- Try swapping an item for something new, which your child did not hang up on the line. Can they work out which is the new item on the line?
- Odd One Out – Hang pictures on the line that belong together. Can they pick out the odd item on the line and explain why it is the odd one out.
- They could all be pictures of fruit with a picture of some clothing
- They could be shapes with straight sides and one with curves
- They could all be animals but all are wild with only one being domestic
- Sorting – Ask your child to sort all the pictures or items from a selection and to hang all the identical things on the washing line. They could all be the same;
- Pattern Work – Using pictures, different colour and shaped paper or items create different patterns. The patterns can be based on colour, size or type of object. You can create a pattern sequence on the washing line and then ask your child to try and copy the sequence. Can they explain the pattern and create their own for you to copy and explain?
- Pairing or What is the Same? – Hang a range of pictures or items on the line, making sure that some of the items can be paired together because they are exactly the same. They could match because;
- They are exactly the same e.g. a pair of socks
- Match numbers to a picture with the same number of items on
- Match capital to lower-case letters
- Or have items that can be put together because they are both from the same set, for example they are types of fruit or are the same colour.
Next week is half-term for many of us and The SUN should be out which makes it time for the water fights and games to begin.
It will soon be June, the weather should be perfect, so why not set up water squirting games in the garden. The kids are waterproof and everything else will dry out, eventually!
This week on our Teach Handwriting Blog we have encouraged water fights and games for developing a child’s hand strength, co-ordination and eye tracking skills (all handwriting skills). However these games are also fantastic for developing sound and word awareness skills.
Try mimicking the sounds that the water makes as it drips on to the floor or hits the targets; use directional language to support your child’s aiming skills; describe how the objects move when hit: bouncing, rolling or flying and talk through the emotions evoked through playing the games.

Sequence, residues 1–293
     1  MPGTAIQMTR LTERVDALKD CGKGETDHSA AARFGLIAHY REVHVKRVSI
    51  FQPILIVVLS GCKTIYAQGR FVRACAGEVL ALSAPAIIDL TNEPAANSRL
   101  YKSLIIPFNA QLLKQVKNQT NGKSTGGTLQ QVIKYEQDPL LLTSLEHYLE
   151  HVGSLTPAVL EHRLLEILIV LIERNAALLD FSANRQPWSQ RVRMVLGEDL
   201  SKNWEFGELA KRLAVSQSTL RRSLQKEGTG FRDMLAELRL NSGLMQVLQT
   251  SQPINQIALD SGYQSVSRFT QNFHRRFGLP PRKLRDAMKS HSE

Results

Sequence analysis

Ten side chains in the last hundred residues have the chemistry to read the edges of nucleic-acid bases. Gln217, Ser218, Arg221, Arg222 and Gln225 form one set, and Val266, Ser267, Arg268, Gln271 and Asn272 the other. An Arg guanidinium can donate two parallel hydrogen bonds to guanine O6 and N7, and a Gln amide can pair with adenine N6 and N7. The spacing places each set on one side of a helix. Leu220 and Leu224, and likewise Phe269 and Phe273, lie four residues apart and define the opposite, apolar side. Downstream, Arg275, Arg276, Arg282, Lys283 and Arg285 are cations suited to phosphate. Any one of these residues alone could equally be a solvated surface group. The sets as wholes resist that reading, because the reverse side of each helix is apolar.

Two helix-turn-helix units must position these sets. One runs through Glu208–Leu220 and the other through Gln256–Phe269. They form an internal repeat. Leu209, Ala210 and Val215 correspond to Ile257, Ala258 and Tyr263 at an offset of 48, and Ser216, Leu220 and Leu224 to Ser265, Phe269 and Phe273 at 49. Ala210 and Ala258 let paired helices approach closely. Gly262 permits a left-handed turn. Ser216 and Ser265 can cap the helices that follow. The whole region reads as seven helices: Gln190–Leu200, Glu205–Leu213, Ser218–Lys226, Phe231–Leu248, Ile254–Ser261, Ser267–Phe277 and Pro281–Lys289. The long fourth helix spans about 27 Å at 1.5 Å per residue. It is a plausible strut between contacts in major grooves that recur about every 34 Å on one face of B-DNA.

As well as supporting your child in developing a whole range of physical and language skills you will also increase your cool adult status.
Some fun water games:
- Try setting up a target wall, using chalk to draw the targets.
- How many of the targets can you hit with water squirted from a water pistol or squeeze bottle in a set time.
- How many targets can be washed off.
- Set up a skittles range.
- Each skittle hit with water can be worth a certain number of points, or the distance of the skittles may affect their value.
- A time trial game to hit all the skittles. If you are using plastic bottles as skittles try making some of them a little heavier by putting sand or dirt in them to make it a bit harder to knock them over.
- Move the object race games.
- A light toy/ball has to be moved by squirts of water over a distance.
- A range of objects moved in to target areas to gain points.
The only limitation is you and your child’s imagination and trust me kids never tire of finding new ways to play with water (but then again neither do many adults)!
Good visual memory skills enable us to recall information that has been previously visually presented.
Visual memory difficulties can hinder a child’s ability to read fluently and with ease due to the fact that they cannot always remember what the word looks like, even though it may be a very common sight word which has been taught to them many times before.
Typical problems due to poor visual memory skills:
- Difficulty in recognising some letters and numbers, especially those they may not use very often, for example some of the capital letters.
- Have problems learning sight words, or remembering what a word is, from one page to another.
- Reading is slow and stilted, making comprehension difficult.
For more information on how to identify visual memory difficulties see our Other Physical Skills Assessment from our Teach Handwriting website: http://bit.ly/2P5jS44
For games and activities to help support and develop visual memory skills use this links: http://bit.ly/2M350S1